Wednesday, 28 August 2013

When is a "New Potato" not a new potato?

Last weekend I harvested what I think is the last of my New Potatoes. I say "I think..." because I'm conscious that last week I said I had harvested the last of the "Orla" potatoes, yet this weekend I found another pot of them amongst the "Pink Fir Apple" ones. This year I have had something like 35 pots of potatoes, and with them having been planted at different times it is hard to keep track! Anyway, I wanted to harvest some of the PFA ones, just because I was impatient to have some of them to use in the kitchen, so I decided to harvest one pot of them along with the remnants of the "new" potatoes:

In the photo above PFA is on the left, with Ratte in the centre and Orla at the right. Each basket represents the yield from one pot.

Ratte has produced a large number of small, smooth, pear-shaped tubers which have been exceptionally clean. This is popularly reckoned to be a gourmet potato with a strong "chestnutty" flavour, but I didn't think it was particularly impressive.
Orla is a traditional First Early. The tubers are mostly round, and the flesh is very white and light in texture when cooked.

"Pink Fir Apple"
Pink Fir Apple is an early Maincrop variety, usually ready in late Summer. It has an amazingly knobbly structure, making it ugly to look at and practically impossible to peel, but it makes up for these disadvantages by being very tasty. This partcular batch was in a strange sort of way quite uniform:-

The yield from the one pot of PFA was modest for a Maincrop, so I'll be leaving the others to grow on for another two or three weeks at least. Maybe the end of September will be a good time to harvest them.

Now, onto the conundrum mentioned in the title of my post: When is a "New Potato" not a new potato?". Well, I think the answer is "When you have left it too long in the ground" (sounds too obvious, doesn't it?). The batch of Orla I harvested this time illustrates well the point I'm trying to make. Their skins had thickened and gone rough - almost scaly. No longer can they but cooked just as they come out of the ground. They need to be peeled or scraped:

Jane says this one with the snout reminds her of a baby Echidna... (Well, yes, maybe...)

I'll finish my post today on a rather cheesy note. How about this for an "Aaaaah" potato:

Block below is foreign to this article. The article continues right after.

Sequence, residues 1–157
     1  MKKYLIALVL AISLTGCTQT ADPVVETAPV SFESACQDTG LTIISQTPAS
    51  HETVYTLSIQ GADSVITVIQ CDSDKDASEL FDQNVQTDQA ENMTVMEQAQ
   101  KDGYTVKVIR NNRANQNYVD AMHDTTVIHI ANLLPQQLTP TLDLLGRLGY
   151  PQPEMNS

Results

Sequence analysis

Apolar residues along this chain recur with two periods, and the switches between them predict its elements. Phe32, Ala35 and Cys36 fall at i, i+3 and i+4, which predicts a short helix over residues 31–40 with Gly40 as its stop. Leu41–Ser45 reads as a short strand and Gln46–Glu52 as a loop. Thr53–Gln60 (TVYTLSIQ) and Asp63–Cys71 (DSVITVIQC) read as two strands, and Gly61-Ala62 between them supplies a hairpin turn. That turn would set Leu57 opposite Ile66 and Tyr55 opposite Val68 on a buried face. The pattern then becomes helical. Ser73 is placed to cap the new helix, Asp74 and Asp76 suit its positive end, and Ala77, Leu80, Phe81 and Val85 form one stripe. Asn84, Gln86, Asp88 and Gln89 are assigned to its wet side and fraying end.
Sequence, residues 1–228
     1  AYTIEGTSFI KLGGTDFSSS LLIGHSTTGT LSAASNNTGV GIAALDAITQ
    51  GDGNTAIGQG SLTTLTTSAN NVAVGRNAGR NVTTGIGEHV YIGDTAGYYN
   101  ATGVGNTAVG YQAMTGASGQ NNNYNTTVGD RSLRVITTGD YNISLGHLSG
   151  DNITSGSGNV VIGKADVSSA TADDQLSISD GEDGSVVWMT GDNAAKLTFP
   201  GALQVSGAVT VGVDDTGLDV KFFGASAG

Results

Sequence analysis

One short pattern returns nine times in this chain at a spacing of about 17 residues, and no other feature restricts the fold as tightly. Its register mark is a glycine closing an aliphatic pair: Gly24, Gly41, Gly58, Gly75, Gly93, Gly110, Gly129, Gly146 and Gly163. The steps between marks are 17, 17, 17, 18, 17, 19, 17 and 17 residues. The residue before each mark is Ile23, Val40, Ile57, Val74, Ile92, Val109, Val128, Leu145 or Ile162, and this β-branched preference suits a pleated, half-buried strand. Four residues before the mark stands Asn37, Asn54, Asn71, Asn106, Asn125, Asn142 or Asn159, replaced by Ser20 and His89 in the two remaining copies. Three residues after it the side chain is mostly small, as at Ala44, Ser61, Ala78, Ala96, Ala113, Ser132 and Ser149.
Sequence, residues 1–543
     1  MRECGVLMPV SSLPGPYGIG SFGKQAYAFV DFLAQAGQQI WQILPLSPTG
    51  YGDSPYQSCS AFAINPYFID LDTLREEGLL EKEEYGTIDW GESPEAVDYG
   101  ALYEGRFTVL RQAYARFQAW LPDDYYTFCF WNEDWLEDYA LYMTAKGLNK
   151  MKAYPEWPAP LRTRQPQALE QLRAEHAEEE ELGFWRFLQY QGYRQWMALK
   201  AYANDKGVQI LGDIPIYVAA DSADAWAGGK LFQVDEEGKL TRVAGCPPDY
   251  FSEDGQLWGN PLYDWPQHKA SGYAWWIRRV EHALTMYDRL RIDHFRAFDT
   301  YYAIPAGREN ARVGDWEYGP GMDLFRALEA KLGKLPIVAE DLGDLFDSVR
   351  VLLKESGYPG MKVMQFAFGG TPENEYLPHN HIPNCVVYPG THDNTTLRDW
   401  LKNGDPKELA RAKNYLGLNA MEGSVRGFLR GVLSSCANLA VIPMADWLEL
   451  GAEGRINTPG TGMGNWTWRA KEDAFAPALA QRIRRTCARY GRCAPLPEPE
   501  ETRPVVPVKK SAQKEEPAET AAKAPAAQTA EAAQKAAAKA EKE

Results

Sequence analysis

Isn't it *lovely*?


  1. Nice crop and thanks for reminder. I need to get mine harvested.

  2. Interesting shapes and colours! We certainly don't get to see such varieties in our part of the world!

  3. I think once you can't rub the skin off a potato it isn't new any more. As for Ratte I'm sure when we grew them they were long and thin.

  4. I thought I might give Ratte a go next year until you said they weren't impressive, they actually look lovely. I still leave those potatoes which look rough or scaly in their skins, I never peel them. They all go down fine. I've grown some Anya for the first time this year and they're aboslutely delicious. They're the offspring of Pink Fir Apple so I might just give some of them a go next year. Thank you so much for the information about your self watering containers. I'm hoping to get some for the greenhouse next year so I'll be reporting back on how they do. They won't have to do very much to be better than my greenhouse tomatoes this year, but more on that in another post.

  5. Ahh...what a softy you are Mark ;D
    I love all the shapes and differences between all the varieties. I fully agree with Jane that particular tatty does indeed look like a baby Echidna!
    I'm thinking about attacking my wasteland...sorry my veggie plot. I'm thinking it might be an ideal to start to plant potatoes. Is it too late? :$
    Enjoy your crop.

    1. Yes, Neesie, it is really too late to plant spuds for this year. You CAN get ones to plant in the Autumn, but I'm not convinced they are worthwhile. Best leave it to next Spring (while you get your veg-patch weeded and dug ready for the new crops!)

  6. I too love the way you show us all the different varieties.I have found seed potatoes to be a bit costly here and we don't get offered too many varieties.They also are not offered early enough because we have to get them in the ground quite early here if it is going to be cool enough and they never have them in the stores when we need them. I could order online but that costs even more. I do love how many potatoes you get from a pot though and still want to try it. By the way I have garden pictures from Lake Lure on my blog if you would like to take a look. Mostly flowers though.

  7. I am returning to your blog after a long time...(busy with work).... And I must say I'm sorry I've been missing out on all your lovely posts. The pictures of your harvests are so good. The veggies look so healthy. Their pictures are a treat for the eyes!


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